Back in the muscle car heyday, enthusiasts could likely have imagined that the 2011 Mustang and Camaro would make at least 300 horsepower. They might even have imagined that the pony cars would be equipped with optional flight modes, nuclear reactors, and autopilots. What they likely never imagined is that Ford and GM would revive the time-honored tradition of pony car one-upmanship for V6 models. (Read More…)
In America, certain European cars ostensibly set their drivers apart as willfully unique characters. Cars like the Volvo C30, or just about any Saab indicate that the driver’s desire to be seen as quirky iconoclasts outweighs any of the more rational metrics that might guide the car-buying process. And while in the US, compact size and European pedigree are the keys to stepping out of the automotive mainstream, making an automotive statement in Europe requires the opposite approach. Pickup trucks, muscle cars and American SUVs are the signifiers of choice for the Europeans who find themselves marching out of step with their efficient hatchback-driving fellow citizens. As a result, European advertisements for motorized guilty pleasures, like the one above, play on the perception that big V8s are downright antisocial. By refined European standards, no one should drive a brutish Camaro… but what’s more fun than blowing a supercharged raspberry at social niceties? And though the marketing for American muscle cars in Europe practically writes itself, global brands like Chevrolet don’t necessarily want the Ameri-barbarian associations… which might explain why Chevrolet has canceled plans to build a right hand drive Camaro.
One of the few things TTAC has in common with the Weblogs Inc/AOL juggernaut Autoblog is a weird fascination with landau roofs, opera tops, and all manner of roof-paddery. But what was developing into a friendly rivalry to see who could come up with the ugliest aftermarket roof treatment has run out of control: there’s no way we will ever be able to top this padded-roofed Camaro for sheer unnecessary tastelessness. Congratulations, guys.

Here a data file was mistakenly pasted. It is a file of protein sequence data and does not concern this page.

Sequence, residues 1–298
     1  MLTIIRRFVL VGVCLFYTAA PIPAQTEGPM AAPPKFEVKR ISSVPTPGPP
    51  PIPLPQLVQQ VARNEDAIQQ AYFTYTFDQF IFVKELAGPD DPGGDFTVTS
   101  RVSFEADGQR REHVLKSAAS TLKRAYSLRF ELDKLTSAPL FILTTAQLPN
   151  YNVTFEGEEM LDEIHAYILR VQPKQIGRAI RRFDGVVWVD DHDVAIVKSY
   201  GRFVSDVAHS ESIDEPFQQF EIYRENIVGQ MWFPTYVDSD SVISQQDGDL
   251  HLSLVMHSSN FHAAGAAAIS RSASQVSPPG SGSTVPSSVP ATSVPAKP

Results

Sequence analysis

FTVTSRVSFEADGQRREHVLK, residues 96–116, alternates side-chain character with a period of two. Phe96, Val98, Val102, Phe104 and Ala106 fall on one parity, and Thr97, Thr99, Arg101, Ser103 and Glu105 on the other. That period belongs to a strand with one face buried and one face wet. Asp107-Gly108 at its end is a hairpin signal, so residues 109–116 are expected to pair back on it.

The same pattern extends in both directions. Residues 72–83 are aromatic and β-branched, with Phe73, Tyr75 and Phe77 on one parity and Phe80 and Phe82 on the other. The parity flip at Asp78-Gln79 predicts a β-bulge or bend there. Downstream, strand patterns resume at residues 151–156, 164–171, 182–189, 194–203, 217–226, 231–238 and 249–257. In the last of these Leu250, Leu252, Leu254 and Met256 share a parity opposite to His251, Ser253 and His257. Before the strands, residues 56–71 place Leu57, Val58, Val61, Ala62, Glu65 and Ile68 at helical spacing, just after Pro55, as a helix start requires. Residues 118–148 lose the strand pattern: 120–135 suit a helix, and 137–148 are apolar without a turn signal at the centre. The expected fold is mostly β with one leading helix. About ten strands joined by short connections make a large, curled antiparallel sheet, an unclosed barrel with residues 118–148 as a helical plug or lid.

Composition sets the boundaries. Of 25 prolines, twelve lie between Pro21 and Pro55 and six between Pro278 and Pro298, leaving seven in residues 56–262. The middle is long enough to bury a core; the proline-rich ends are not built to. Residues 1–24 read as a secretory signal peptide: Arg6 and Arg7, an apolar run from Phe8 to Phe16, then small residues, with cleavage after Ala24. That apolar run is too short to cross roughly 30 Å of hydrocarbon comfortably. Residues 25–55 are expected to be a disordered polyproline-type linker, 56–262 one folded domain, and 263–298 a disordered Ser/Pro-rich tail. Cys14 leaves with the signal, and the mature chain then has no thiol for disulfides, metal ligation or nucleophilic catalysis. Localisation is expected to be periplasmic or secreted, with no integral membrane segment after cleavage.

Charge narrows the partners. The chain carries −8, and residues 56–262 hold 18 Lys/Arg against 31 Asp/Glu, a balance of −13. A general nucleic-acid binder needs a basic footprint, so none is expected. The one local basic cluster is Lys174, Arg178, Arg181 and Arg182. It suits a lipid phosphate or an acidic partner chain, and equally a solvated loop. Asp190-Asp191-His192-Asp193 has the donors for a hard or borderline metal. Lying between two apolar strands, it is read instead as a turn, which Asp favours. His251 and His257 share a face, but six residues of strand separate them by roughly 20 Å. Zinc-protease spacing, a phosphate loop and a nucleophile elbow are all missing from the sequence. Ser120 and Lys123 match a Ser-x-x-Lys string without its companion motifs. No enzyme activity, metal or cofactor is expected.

Is there a clinical definition for the compulsion to fit every possible exterior accessory to one’s car? J C Whitney Syndrome?
After being trapped six weeks in a 1971 time warp, I had the controls of the Curbside Classics time machine all set for the mid-eighties. But once again, fate interceded. Running some errands, I had my first encounter with no less than two 2010 Camaros. Then, on the way home, something called out to me as I tooled down Franklin Boulevard. I found it parked behind the old boarded-up Chevy dealer, and it had an important message for you and me: “beauty is not in the eye of the beholder; it’s in the object itself.” (Read More…)
Today’s the day that the embargo on Camaro reviews ends. First, as a taxpayer, a big thank you to all the automotive publications and websites that abided by the terms of GM’s proscription. You’ve helped my corporate beneficiary concentrate its marketing firepower for maximum effect. Second, I want to re-iterate my suspicion—based on historical precedent—that all Camaros tested were “ringers” (specially built and prepared versions). And third, I’d like to point out that Detroit News carmudgeon Scott Burgess and I share something: we both hate people. OK, I hate the lies that people tell and Scott hates anyone who hates Detroit. I’ve said time and again that the number of people who actually care enough to hate Detroit is statistically irrelevant. But Scott’s world is constantly under imaginary assault from people who vilify the cars he loves. Which, needless to say, includes the new Camaro. Althoughly, strangely, Scott doesn’t bless with his 100 percent seal of approval. In fact, reading between the lines, the new Camaro’s not even a 90 percent car. First the ho-sannahs . . .